Our specialty lost a major contributor to clinical orthodontics and craniofacial biology with the passing of Dr Henri Petit in Nantes, France, at 87 years of age. His application of the facial mask to Class III patients is the primary protocol used today for the treatment of such patients throughout the world. Dr Petit modified the facial mask used by his mentor, surgeon Jean Delaire, to a design that is now used routinely to treat young patients with Class III malocclusion or, as Henri would say, the “prognathic syndrome.”
Dr Petit received a dental certificate from the University of Paris in 1952 and practiced orthodontics in both Nantes and Paris. Later in life, he moved to the United States with his family and completed a doctorate in anatomy at Baylor University in Waco, Tex. He joined the faculty of the Department of Orthodontics at Baylor College of Dentistry in Dallas in 1980 and became an international member of the American Association of Orthodontists. Dr Petit lectured widely on his orthopedic facial mask therapy, remaining on the Baylor faculty until 1987, when he and his wife Josette moved back to Paris. Henri retired in 1995.
I remember well the first time Henri and I met; it was in 1981. I was giving a continuing education course to the Baylor alumni and residents. Dr Moody Alexander, the chair of the department, asked me whether one of his new faculty members could make a presentation of his research work during my course. I agreed and was delighted by the opportunity to hear Henri present his material on the facial mask. It made so much sense to me that I immediately starting using his approach in my young Class III patients. I was amazed with the results.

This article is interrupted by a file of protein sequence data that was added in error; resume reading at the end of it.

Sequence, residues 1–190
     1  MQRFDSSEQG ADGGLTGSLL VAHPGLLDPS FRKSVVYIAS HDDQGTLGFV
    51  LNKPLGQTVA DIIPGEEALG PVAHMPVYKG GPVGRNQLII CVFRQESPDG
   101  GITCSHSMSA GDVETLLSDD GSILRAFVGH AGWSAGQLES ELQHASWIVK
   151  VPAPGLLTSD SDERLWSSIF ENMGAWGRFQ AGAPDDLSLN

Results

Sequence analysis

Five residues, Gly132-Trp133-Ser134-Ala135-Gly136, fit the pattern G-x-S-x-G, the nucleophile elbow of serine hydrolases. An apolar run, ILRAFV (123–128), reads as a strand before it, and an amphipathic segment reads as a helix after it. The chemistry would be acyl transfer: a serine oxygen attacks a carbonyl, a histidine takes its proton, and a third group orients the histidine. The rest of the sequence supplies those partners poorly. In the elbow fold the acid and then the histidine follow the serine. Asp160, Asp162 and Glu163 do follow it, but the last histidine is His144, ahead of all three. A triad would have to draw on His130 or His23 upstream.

Henri subsequently joined us several times at the University of Michigan in Ann Arbor. His most memorable visit was when he presented his material, entitled “Clinical alteration of the growing face,” at the 1982 Moyers Symposium. His chapter in the ensuing monograph, published in 1983, is still cited as one of the best summaries of his work in English.
In a letter from his family, we learned that Dr Petit died of a heart attack on September 29, 2015. They wrote that Henri had developed numerous physical problems, but his mind remained clear and focused. His interest in orthodontics and his love of music remained intact. Henri was a big, happy, dynamic, warm, and lovable Frenchman who had, and will continue to have, a major impact on the lives of millions of orthodontic patients worldwide. We mourn his passing, but rejoice that he contributed so much to the lives of so many.